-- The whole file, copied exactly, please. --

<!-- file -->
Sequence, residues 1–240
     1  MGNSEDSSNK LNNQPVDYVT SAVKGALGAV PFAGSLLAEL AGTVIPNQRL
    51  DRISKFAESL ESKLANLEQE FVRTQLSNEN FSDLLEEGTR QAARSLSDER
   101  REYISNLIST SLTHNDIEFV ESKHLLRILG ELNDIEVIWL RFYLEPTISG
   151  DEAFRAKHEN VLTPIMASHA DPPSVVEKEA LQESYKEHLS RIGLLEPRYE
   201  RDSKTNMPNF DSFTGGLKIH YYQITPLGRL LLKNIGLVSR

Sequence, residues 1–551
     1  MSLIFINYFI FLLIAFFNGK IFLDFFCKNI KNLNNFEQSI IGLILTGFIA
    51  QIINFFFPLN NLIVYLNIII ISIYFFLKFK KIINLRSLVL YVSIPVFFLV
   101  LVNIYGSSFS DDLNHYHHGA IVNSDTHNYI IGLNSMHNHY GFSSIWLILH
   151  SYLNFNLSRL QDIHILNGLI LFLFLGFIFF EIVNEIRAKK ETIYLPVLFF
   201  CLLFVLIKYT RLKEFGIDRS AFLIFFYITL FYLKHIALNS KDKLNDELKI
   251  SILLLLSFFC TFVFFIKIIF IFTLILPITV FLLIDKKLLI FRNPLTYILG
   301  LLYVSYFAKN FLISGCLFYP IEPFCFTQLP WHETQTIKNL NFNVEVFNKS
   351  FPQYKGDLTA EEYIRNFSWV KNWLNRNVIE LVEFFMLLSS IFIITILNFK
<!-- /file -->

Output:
Sequence, residues 1–240
     1  MGNSEDSSNK LNNQPVDYVT SAVKGALGAV PFAGSLLAEL AGTVIPNQRL
    51  DRISKFAESL ESKLANLEQE FVRTQLSNEN FSDLLEEGTR QAARSLSDER
   101  REYISNLIST SLTHNDIEFV ESKHLLRILG ELNDIEVIWL RFYLEPTISG
   151  DEAFRAKHEN VLTPIMASHA DPPSVVEKEA LQESYKEHLS RIGLLEPRYE
   201  RDSKTNMPNF DSFTGGLKIH YYQITPLGRL LLKNIGLVSR

Sequence, residues 1–551
     1  MSLIFINYFI FLLIAFFNGK IFLDFFCKNI KNLNNFEQSI IGLILTGFIA
    51  QIINFFFPLN NLIVYLNIII ISIYFFLKFK KIINLRSLVL YVSIPVFFLV
   101  LVNIYGSSFS DDLNHYHHGA IVNSDTHNYI IGLNSMHNHY GFSSIWLILH
   151  SYLNFNLSRL QDIHILNGLI LFLFLGFIFF EIVNEIRAKK ETIYLPVLFF
   201  CLLFVLIKYT RLKEFGIDRS AFLIFFYITL FYLKHIALNS KDKLNDELKI
   251  SILLLLSFFC TFVFFIKIIF IFTLILPITV FLLIDKKLLI FRNPLTYILG
   301  LLYVSYFAKN FLISGCLFYP IEPFCFTQLP WHETQTIKNL NFNVEVFNKS
   351  FPQYKGDLTA EEYIRNFSWV KNWLNRNVIE LVEFFMLLSS IFIITILNFK